Have you ever wondered what makes for the civility (or at least quasi-civility) with which we interact in our everyday lives?
Why, for instance, do we refrain from punching someone who has bumped into us on the street? Why don't we walk up and scold somebody who is yelling into a cell phone at the library? Basically, why do we so often refrain from confrontation when we feel we've been wronged?
Some would point out that we try to coexist peaceably for the sake of making our own lives easier. Others would argue that some sort of divine power sees to our wellbeing by ensuring that we do not harm others. And yet another group might believe that, for some inexplicable reason, humans are inherently good.
To those of the latter creed: I challenge you to read The Badger Herald shout-outs and maintain your present disposition.
If you're not familiar with this newspaper's shout-outs feature, all you really need to know is that it is an online forum to which, if approved by a moderator, people's comments are posted. And, once a week, a handful of said comments make it to print in the Herald.
The subject matter of shout-outs varies widely. In a single edition, for instance, one might see comments ranging from a condemnation of a particular professor, to a nonsensical ramble, to an inquiry about the identity of an unknown person with whom the commenter made eye contact on the street (there's a common shout-out term for this that I've chosen to omit due to its extreme overuse).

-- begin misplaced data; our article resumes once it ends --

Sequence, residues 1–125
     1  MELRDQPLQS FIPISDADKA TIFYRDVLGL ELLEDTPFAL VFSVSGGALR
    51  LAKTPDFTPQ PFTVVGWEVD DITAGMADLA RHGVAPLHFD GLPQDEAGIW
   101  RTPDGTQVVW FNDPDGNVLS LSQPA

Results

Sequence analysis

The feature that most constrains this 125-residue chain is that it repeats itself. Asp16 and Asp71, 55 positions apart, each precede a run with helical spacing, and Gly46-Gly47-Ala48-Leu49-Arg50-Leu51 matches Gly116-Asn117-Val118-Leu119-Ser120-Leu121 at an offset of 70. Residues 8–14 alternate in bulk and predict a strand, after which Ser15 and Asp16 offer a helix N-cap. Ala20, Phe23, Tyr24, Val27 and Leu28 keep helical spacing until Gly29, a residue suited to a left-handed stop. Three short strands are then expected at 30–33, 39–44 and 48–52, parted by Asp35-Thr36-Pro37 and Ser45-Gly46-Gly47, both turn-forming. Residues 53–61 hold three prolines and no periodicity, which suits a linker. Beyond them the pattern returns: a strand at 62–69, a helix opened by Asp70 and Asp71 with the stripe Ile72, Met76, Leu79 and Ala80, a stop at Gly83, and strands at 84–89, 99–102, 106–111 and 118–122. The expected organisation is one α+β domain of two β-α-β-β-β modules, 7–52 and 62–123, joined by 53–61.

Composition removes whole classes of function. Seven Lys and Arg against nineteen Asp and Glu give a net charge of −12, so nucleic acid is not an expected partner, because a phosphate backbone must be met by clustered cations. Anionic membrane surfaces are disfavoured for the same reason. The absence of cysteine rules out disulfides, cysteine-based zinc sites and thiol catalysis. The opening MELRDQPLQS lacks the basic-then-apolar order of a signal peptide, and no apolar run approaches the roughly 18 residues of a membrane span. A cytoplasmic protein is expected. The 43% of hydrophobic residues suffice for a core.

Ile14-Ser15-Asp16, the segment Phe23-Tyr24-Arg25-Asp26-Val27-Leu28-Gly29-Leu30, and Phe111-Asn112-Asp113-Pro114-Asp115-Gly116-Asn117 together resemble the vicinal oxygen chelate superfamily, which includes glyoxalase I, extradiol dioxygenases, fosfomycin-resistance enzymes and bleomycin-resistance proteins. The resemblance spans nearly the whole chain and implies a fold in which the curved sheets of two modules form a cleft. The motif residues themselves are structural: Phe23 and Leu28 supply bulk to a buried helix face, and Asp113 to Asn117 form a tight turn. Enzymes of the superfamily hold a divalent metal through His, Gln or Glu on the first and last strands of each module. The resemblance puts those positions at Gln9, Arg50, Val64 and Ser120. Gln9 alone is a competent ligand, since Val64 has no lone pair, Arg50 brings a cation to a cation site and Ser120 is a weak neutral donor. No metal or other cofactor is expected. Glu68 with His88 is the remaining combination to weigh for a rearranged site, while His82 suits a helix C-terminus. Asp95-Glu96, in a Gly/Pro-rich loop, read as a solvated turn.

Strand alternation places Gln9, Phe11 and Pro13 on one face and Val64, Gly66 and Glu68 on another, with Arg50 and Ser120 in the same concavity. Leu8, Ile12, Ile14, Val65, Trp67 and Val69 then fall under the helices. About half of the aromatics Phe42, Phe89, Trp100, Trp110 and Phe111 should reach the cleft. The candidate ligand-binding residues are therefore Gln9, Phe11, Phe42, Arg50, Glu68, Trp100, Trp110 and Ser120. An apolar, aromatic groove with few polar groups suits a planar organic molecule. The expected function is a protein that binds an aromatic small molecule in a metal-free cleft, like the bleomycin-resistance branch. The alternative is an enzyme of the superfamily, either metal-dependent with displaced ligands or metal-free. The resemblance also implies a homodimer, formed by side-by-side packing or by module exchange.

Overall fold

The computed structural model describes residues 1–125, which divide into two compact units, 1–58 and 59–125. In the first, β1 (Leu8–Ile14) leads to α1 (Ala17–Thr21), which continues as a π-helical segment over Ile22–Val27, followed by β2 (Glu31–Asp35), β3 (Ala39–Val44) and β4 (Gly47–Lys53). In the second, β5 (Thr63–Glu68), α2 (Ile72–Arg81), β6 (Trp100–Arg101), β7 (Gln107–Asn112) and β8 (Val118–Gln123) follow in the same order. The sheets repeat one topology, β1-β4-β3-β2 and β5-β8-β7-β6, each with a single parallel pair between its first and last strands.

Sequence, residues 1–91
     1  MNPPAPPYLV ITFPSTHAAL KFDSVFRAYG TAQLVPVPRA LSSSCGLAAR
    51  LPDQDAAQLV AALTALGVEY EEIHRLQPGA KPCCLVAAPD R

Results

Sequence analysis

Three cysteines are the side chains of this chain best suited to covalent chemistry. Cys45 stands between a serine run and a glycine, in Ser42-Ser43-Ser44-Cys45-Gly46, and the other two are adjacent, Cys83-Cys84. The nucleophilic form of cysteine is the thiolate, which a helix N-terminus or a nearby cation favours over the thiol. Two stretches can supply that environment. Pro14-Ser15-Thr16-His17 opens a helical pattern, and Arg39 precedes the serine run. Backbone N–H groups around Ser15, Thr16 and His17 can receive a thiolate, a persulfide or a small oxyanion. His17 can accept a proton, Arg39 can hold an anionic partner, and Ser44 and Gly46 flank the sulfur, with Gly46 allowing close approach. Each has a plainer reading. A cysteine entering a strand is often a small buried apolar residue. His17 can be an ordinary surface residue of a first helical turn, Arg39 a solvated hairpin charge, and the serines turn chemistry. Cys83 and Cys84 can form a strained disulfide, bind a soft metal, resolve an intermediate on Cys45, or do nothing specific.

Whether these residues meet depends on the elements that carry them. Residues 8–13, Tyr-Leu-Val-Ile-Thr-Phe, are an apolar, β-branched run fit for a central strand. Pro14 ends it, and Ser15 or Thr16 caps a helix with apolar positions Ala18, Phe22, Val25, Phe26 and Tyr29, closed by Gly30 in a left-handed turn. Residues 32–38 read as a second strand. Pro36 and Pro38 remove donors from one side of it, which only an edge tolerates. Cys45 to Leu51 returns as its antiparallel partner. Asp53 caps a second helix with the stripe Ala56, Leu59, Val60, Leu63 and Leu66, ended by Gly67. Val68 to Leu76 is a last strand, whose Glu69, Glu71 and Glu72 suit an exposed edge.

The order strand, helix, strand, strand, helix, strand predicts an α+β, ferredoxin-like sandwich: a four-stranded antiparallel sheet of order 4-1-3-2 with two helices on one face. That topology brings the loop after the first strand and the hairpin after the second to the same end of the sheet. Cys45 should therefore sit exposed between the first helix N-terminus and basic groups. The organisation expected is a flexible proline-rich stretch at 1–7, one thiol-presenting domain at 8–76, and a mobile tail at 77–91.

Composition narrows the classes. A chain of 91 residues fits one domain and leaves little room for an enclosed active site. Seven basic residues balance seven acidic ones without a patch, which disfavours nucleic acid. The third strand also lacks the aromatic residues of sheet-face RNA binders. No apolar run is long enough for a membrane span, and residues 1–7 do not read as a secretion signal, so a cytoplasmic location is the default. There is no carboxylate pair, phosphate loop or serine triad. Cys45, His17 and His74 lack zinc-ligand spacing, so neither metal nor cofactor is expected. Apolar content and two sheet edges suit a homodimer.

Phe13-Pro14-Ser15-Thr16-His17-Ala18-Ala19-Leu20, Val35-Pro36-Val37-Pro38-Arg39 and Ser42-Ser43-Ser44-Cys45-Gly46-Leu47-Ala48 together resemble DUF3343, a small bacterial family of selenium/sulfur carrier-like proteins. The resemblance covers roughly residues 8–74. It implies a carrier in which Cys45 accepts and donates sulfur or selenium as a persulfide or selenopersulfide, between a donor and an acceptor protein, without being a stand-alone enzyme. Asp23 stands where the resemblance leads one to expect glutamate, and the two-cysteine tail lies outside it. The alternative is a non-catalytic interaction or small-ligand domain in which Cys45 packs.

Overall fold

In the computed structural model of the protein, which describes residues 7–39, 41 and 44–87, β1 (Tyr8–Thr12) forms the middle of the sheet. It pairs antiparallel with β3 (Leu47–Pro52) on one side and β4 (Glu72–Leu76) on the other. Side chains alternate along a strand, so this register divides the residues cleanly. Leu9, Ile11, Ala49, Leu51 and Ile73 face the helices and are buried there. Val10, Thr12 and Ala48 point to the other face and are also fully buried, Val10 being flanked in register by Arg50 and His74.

But, as much as the shout-outs differ from week to week, there seems to be one recurring theme: Comments made via this forum are often more hateful and venomous than anything to be found in normal public discourse.
Consider the following comments posted on the shout-out forum over the past week.
Some posts were just generally harsh:
"[Shout-out] to the girls who ride the ellipticals at the Serf and think they are such fitness gurus. You better ride that thing all month, sweetheart."
Some were bigoted:
"Does UW get any of the smart coasties, or do the smart ones go to school on the coast? are there smart coasties”"
And some were so chauvinistic, barbaric and preposterous that it's difficult to believe they were intended to be taken seriously:
"Shout-out to the bouncer at Mondays. Apparently having huge bitch tits gives you the right to take away people's IDs. I hope (and know) that you will burn in hell a desperate and lonely soul."
Or maybe I just don't know what "bitch tits" are.
So what explains how our level of discourse sinks to such depths when we are granted anonymity?
One can only wonder whether — if it were possible to simply turn on some sort of anonymity shield — we might interact on the streets the same way we interact in the shout-outs.
It's tempting to have faith in the inherent good of humanity, and I do believe that a minority of people are responsible for a majority of the more reprehensible shout-outs. Nevertheless, when considering both the quantity and extremism of negative shout-outs, it is impossible to avoid speculation about how much animosity and resentment simmer below the neat and tidy surface of our society.
So, to those lobbing attacks from behind this veil of secrecy: Shout-out to mustering up a little courage and letting us know who you are.
Rob Rossmeissl ([email protected]) is a senior majoring in journalism and political science.